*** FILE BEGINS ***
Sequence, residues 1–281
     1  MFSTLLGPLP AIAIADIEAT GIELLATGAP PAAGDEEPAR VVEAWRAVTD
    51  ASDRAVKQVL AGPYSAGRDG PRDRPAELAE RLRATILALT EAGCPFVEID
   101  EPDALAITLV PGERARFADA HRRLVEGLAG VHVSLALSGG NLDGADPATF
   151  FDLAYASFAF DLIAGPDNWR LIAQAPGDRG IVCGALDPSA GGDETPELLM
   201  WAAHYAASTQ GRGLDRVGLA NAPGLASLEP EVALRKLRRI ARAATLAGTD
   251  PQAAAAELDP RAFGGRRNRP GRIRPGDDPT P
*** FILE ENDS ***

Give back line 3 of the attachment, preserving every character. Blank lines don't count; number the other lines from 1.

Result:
    51  ASDRAVKQVL AGPYSAGRDG PRDRPAELAE RLRATILALT EAGCPFVEID